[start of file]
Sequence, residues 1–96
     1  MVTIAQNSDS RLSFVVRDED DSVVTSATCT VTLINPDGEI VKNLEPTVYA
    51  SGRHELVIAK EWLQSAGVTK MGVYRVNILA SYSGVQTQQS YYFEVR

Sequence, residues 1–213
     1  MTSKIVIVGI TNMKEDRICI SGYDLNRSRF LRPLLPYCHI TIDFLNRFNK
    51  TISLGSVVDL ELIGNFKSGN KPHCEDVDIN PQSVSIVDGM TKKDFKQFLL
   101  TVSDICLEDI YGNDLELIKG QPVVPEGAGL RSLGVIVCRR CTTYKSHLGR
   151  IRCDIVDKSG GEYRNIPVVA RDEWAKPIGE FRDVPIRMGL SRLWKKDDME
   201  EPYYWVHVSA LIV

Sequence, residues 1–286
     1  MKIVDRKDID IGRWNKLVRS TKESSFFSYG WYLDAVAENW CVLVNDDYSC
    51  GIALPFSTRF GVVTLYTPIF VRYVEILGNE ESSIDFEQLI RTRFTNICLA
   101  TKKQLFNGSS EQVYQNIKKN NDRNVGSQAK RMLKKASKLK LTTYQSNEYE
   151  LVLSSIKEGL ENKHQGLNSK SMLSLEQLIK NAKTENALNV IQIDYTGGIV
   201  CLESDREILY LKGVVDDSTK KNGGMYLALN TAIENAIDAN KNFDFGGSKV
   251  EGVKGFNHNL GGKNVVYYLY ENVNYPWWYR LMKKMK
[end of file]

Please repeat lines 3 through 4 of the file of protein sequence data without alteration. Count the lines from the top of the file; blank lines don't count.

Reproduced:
    51  SGRHELVIAK EWLQSAGVTK MGVYRVNILA SYSGVQTQQS YYFEVR

Sequence, residues 1–213